Now, the Chartered Institute of Personel and Development estimate the VAT increase (in addition to its other effects on the economy) will cost 250,000 jobs.

    So here’s one idea, let’s have the NI increase instead of the VAT increase.

    AFZ

  • John_P_Kelly

    Firstly. I’m delighted that Clarke Carlisle is getting the opportunity to appear on Question Time. He has always appeared to be very articulate and insightful when giving post match interviews and on his occasional appearances in the pundit’s chair. I’m sure he’ll prove as commanding a presence on the panel as he does at the centre of the clarets’ defence. I just hope he doesn’t get a question about Rory Delap’s throw-in abilities!

    So, what issues are making ‘Alarm Clock Britons’ tick at the moment?

    NHS REFORM

    Thatcher infamously said that ‘there is no such thing as society’. Once these reforms are enacted, will there be any such thing as a National Health Service?(Have just seen Milliband say something to this effect as well coincidentally). This is a strong message of concern which can be emphasised.

    The rhetoric of ‘cutting bureaucracy’, ‘increasing the resources to those on the front line’ and ‘more decision making power to your GP’ appears laudable The breadth and ferocity of the planned reforms when put into practice pose serious risks and dangers.

    The reform bill (a tome that is weightier than the original legislation which brought the NHS into being) could constitute another step on the slippery slope towards American style ‘for profit’ healthcare. GP consortia, in managing their budgets (while at the same time attempting to perform their respective primary medical duties), will inevitably come under pressure to procure from the lowest cost medical commercial provider.

    Those tasked with procurement could indeed come under legal challenge from competitor to existing medical provider should they turn down a new business tender in favour of maintaining their existing arrangements. This could lead to chaos if it occurs on a wide scale basis. Will such pressures compromise quality of care?

    Other possible flaws:

    * Likelihood of administrative and task duplication perversely increases due to decentralisation?
    * Reversal of Labour era improvements in waiting times and recovery rates due to shift in emphasis towards implementation of their processes in the short to medium term. Distinct possibility of people becoming real victims here.
    * Postcode lottery in terms of service provision due to varying demographics and budget management

    TAX & BANKERS

    So much for ‘fair and equitable’. The VAT increase disproportionately affects those on the lowest wages. The very bankers who helped create the current economic mire are untouched by the current regime’s tax policy. No levy on their bloated bonuses indicating business as usual. Difficult to blame ‘the last lot’ when the ‘city champagne culture’ continues without recrimination. And this during a time of austerity for everyone else.

    INTEREST RATES & INFLATION

    Owners who are multiple letting out multiple properties on a ‘buy to let’ basis will be delighted with the decreased interest rate. Their tenants will most likely not be so enamoured. Saving for that rainy day is more difficult given that the figurative umbrella has suddenly taken a price hike. Lower return received savings that are harder to come by due to increased interest rates. ‘Alarm Clock Britons’ may be rising waking earlier and working longer as a result.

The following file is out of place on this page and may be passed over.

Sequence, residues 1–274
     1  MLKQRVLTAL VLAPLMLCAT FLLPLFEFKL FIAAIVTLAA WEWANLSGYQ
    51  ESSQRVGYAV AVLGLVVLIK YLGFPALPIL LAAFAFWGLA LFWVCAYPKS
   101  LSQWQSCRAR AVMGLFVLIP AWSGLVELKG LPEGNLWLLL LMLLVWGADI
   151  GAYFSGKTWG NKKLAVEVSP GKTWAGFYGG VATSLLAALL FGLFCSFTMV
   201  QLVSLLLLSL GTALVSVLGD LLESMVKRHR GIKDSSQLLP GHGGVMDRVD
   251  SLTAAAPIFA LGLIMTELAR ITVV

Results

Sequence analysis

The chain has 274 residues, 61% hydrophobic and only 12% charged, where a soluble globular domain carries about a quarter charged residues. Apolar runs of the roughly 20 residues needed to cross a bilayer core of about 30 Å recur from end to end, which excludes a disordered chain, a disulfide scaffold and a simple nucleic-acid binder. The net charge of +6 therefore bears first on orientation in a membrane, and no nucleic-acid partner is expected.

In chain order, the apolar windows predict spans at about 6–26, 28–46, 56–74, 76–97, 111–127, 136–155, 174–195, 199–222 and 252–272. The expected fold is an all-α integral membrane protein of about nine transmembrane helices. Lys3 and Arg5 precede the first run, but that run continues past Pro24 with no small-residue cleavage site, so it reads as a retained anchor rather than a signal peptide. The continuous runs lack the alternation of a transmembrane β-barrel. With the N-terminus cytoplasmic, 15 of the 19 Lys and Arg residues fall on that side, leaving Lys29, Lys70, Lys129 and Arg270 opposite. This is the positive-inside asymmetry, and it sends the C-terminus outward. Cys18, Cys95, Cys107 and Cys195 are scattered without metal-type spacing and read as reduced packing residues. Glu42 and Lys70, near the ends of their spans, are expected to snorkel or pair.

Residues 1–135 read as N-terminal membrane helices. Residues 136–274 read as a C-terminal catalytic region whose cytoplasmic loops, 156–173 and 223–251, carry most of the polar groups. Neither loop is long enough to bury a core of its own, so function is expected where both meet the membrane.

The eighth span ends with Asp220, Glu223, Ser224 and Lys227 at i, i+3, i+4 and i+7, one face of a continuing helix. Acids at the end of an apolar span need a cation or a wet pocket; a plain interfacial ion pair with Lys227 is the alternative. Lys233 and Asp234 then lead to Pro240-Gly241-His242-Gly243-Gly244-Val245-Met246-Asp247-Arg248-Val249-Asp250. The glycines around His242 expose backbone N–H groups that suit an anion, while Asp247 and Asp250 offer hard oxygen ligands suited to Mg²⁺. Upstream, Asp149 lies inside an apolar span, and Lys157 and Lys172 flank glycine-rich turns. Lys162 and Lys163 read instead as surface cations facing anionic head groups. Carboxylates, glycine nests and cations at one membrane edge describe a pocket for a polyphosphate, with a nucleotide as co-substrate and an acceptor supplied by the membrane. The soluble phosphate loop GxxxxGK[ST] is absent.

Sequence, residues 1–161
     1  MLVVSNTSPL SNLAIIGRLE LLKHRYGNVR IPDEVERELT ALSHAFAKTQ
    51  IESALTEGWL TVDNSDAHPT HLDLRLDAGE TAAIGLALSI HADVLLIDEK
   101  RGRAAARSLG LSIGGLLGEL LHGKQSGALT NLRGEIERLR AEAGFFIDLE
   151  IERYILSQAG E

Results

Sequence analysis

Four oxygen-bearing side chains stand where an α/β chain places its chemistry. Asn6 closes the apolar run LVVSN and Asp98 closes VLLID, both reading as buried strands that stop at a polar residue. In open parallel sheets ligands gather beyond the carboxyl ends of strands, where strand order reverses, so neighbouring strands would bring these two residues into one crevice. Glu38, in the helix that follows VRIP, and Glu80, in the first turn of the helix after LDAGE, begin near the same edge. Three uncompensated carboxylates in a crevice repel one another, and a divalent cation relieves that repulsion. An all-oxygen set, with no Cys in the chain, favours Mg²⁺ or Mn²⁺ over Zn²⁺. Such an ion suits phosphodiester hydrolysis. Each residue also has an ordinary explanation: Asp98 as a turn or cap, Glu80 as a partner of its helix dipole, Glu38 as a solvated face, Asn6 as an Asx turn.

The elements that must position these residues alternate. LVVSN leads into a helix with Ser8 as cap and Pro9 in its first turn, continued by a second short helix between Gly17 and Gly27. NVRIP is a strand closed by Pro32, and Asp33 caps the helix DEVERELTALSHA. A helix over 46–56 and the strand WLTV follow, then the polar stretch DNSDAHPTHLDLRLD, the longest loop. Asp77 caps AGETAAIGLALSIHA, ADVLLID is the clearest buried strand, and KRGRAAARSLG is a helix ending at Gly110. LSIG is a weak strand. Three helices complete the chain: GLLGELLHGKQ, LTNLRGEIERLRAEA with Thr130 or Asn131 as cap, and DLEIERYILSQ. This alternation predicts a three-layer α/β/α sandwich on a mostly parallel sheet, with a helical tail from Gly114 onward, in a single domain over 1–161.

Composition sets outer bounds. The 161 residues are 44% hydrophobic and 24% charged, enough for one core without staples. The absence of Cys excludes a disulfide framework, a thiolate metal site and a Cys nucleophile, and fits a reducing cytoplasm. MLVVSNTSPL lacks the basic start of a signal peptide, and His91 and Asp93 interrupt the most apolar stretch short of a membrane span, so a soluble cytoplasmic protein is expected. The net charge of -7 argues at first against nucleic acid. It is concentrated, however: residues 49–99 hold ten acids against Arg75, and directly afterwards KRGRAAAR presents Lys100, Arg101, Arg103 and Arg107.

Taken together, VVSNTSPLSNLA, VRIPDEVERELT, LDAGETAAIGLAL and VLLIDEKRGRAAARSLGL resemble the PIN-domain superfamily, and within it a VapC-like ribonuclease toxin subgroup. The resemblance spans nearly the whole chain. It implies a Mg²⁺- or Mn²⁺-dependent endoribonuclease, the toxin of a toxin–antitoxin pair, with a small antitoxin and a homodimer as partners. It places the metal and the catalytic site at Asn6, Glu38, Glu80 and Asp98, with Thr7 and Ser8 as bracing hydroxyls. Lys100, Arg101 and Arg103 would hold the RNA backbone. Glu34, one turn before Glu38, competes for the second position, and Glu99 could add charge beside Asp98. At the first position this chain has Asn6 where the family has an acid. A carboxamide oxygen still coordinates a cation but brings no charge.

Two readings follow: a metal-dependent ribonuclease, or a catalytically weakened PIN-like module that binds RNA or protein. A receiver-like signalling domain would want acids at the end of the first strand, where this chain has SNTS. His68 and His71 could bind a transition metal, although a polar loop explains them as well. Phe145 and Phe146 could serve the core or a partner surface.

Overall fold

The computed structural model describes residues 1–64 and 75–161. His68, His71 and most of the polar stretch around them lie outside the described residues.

AV

    The only equality driven policy on the Government agenda?

    AND FINALLY

    Could Simon Hughes please give an example of a Lib Dem manifesto pledge which clashed directly with a Tory pre-election promise but nonetheless shall definitely be implemented?

  • John_P_Kelly

    Firstly. I’m delighted that Clarke Carlisle is getting the opportunity to appear on Question Time. He has always appeared to be very articulate and insightful when giving post match interviews and on his occasional appearances in the pundit’s chair. I’m sure he’ll prove as commanding a presence on the panel as he does at the centre of the clarets’ defence. I just hope he doesn’t get a question about Rory Delap’s throw-in abilities!

    So, what issues are making ‘Alarm Clock Britons’ tick at the moment?

    NHS REFORM

    Thatcher infamously said that ‘there is no such thing as society’. Once these reforms are enacted, will there be any such thing as a National Health Service?(Have just seen Milliband say something to this effect as well coincidentally). This is a strong message of concern which can be emphasised.

    The rhetoric of ‘cutting bureaucracy’, ‘increasing the resources to those on the front line’ and ‘more decision making power to your GP’ appears laudable The breadth and ferocity of the planned reforms when put into practice pose serious risks and dangers.

    The reform bill (a tome that is weightier than the original legislation which brought the NHS into being) could constitute another step on the slippery slope towards American style ‘for profit’ healthcare. GP consortia, in managing their budgets (while at the same time attempting to perform their respective primary medical duties), will inevitably come under pressure to procure from the lowest cost medical commercial provider.